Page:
Of all the comparisons the Thunder has drawn to the Spurs, the one that might best fit is one that hasn't gotten much attention.
It's James Harden and Manu Ginobili, the left-handed shooting guards for both teams who will face off Friday night inside Chesapeake Energy Arena.
“As players, yes, there are some similarities,” said Thunder coach Scott Brooks. “They both are talented players. They both play a winning style of basketball and they seem to make big plays.”
Harden, the Thunder's sixth man who is now in his third season, is averaging 17.1 points on 48.5 percent shooting and 4.1 rebounds, 3.6 assists and 1.0 steals.
Ginobili, in his third season with the Spurs, is averaging 16 points on 47.1 percent shooting and 4.4 rebounds, 3.9 assists and 1.6 steals.
“The thing I love about James is his energy off the bench ... that mirrors Manu in '05 and '07 when he was coming off the bench for us, and he was phenomenal,” said Sean Elliot, who won a title with San Antonio in 1999 and now serves as the team's color commentator.
“And with Harden, I don't know where he all of a sudden became a playmaker. I think it was last year during the playoffs. I watched him all of last year and the year before that and I didn't see any shades of what I'm seeing now. The last game we played against him in Oklahoma City, I told my crew, ‘I've never seen this guy play like this, where he's making plays, or he's running the screen and roll, or he's turning the corner, or he's hiding behind that screen and shooting.'”
It's that savvy that makes the two so similar.
“He's got a lot of savvy,” Elliott said of Harden. “He's got a lot of playmaking abilities, and that's something I hadn't seen in his game in the first two years.”
Both also have shown an incredible ability to make something out of nothing.
“They just have a knack for getting inside the defense,” said Brooks. “You think you have them stopped and there's a slight window or opening and they seem to get through it and get to the rim or get fouled. They're both clever players.”
With Harden, his style has been described as an “old man's game.”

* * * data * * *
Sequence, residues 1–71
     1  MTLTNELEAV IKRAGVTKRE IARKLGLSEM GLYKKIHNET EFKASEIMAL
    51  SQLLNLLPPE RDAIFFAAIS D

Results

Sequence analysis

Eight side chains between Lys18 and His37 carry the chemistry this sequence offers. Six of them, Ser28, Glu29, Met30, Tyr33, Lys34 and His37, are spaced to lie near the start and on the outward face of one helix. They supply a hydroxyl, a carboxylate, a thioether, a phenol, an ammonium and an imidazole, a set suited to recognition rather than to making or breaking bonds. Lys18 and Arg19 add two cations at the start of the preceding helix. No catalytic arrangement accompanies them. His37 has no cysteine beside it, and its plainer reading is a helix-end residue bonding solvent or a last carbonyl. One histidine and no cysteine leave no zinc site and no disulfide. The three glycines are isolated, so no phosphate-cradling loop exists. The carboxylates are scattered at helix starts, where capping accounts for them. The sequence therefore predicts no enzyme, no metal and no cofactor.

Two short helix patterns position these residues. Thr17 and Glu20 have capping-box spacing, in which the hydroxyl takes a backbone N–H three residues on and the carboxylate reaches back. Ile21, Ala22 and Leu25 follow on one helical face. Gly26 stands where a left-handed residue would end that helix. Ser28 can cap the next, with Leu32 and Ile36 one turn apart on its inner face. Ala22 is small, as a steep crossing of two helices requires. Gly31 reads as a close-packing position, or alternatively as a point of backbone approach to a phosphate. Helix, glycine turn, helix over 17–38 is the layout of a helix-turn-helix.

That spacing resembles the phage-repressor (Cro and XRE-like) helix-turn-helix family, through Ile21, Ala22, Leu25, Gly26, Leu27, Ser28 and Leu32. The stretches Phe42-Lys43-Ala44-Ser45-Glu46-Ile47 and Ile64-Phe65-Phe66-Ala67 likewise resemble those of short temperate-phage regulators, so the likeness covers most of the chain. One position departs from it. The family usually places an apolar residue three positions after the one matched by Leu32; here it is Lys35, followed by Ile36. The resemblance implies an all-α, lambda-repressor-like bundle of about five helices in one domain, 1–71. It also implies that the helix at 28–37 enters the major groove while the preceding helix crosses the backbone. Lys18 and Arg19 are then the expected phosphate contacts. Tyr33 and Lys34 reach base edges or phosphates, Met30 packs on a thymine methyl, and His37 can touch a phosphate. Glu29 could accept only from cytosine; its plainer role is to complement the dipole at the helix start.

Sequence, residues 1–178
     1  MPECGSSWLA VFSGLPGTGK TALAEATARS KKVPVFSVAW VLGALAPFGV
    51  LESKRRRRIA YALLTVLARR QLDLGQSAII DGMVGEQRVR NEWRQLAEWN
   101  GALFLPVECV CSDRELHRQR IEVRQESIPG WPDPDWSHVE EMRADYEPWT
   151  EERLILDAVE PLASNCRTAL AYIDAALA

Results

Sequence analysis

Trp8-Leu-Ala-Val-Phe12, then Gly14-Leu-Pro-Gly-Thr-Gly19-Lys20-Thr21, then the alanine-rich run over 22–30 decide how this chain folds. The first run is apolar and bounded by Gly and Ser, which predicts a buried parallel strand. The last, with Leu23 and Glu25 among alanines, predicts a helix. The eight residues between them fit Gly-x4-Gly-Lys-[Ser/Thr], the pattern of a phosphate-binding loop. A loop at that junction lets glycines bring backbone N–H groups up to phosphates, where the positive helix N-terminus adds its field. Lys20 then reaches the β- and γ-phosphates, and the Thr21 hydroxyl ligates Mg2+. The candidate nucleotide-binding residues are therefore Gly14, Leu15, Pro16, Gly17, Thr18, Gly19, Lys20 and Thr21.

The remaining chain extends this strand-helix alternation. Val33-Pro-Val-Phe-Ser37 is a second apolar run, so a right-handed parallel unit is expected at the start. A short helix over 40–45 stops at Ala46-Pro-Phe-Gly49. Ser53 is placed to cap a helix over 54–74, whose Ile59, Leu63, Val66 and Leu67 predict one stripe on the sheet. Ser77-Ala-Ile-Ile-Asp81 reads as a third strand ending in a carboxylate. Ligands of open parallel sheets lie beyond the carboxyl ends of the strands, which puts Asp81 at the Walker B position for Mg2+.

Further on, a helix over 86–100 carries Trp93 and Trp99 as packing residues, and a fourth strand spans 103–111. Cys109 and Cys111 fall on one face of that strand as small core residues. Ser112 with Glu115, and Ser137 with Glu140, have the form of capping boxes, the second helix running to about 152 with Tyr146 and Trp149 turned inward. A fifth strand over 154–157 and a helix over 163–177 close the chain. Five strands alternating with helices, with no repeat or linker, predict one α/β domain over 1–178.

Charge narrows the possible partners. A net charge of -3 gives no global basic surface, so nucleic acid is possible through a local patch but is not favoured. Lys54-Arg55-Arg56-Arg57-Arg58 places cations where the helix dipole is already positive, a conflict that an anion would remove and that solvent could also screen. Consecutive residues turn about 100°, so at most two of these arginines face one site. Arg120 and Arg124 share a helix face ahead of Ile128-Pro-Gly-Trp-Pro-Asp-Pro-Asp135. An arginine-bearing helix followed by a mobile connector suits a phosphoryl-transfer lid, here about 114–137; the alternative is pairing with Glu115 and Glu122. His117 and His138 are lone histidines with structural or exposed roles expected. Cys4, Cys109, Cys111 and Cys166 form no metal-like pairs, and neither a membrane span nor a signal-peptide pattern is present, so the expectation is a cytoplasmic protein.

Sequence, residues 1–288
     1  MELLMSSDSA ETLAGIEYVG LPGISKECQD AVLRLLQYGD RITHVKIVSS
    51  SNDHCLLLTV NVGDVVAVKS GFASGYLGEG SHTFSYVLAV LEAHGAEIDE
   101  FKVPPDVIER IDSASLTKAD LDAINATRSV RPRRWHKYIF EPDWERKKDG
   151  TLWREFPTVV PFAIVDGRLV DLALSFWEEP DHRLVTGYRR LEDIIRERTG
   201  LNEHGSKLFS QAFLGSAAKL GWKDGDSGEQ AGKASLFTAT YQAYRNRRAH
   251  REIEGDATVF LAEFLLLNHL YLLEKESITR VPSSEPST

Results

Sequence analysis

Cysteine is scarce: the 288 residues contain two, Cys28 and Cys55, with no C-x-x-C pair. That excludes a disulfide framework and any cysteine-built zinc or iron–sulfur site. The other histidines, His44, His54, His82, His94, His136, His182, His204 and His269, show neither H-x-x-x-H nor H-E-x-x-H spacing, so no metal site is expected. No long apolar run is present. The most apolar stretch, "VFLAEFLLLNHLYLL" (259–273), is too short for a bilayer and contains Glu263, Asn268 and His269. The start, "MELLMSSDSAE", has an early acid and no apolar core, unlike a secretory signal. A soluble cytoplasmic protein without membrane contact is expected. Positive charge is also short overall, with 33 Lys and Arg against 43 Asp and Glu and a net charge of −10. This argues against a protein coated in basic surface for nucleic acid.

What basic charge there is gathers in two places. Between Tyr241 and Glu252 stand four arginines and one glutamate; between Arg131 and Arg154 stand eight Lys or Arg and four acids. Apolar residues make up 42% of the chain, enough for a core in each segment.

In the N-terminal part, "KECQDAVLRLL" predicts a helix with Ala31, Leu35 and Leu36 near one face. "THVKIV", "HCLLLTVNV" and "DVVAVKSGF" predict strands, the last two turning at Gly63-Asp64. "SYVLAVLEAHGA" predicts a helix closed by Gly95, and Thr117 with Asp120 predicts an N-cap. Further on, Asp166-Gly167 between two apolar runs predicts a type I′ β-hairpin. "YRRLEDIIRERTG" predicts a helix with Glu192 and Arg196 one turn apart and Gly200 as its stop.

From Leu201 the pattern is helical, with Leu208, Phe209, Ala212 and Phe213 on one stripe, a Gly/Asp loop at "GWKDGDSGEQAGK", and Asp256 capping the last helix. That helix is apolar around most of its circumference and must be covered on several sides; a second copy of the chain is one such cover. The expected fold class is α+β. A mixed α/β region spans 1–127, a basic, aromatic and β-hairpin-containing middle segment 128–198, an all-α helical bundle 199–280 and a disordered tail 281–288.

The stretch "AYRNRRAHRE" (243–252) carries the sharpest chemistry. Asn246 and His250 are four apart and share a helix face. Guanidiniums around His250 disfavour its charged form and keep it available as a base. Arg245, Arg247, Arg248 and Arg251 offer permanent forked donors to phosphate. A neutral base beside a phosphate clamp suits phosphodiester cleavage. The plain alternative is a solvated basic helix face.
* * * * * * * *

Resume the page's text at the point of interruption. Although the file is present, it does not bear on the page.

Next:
“When they talk about an old man's game, that's fundamental basketball,” said Elliott. “But it's also having savvy. You have a lot of young players today that are super athletic and that's what they rely on. They don't necessarily rely on their instincts or their savvy.”'
Ginobili, meanwhile, has been labeled more unorthodox.
“Obviously, they have very natural talent,” Brooks said. “But they work on it every day. You can tell. The way they play, the way they attack the rim, you don't just wake up one morning and have that. It's a skill that has been worked on.”
Ginobili, who has battled injuries this season, has been a problem for the Thunder. Like Harden, Brooks said, Ginobili's versatility causes him to be a primary focus on the scouting report.
“We've tried many different tactics against Manu, and he somehow gets in there and makes big shots,” Brooks said. “And they're both good 3-point shooters, so that really helps because you can't play one way because they can shoot and put it on the floor.”
The most glaring difference between Harden and Ginobili at this point is success. Ginobili, now 34, is a three-time champion, two-time NBA All-Star, two-time All-NBA Third Team selection and a Sixth Man of the Year winner. Before joining the NBA at 25, Ginobili was an accomplished player overseas, winning an Italian League Championship twice, the 2001 FIBA Americas Championship and a Euroleague championship in 2001. Ginobili has since won an Olympic gold medal with Argentina in 2004.
“It remains to be seen if James can be the player that Manu is,” Elliott said. “I mean, Manu has won gold medals and NBA championships and he's got an incredible will to win. I haven't watched James enough to say that he has that. I haven't seen him enough in big situations to say that he has that yet.”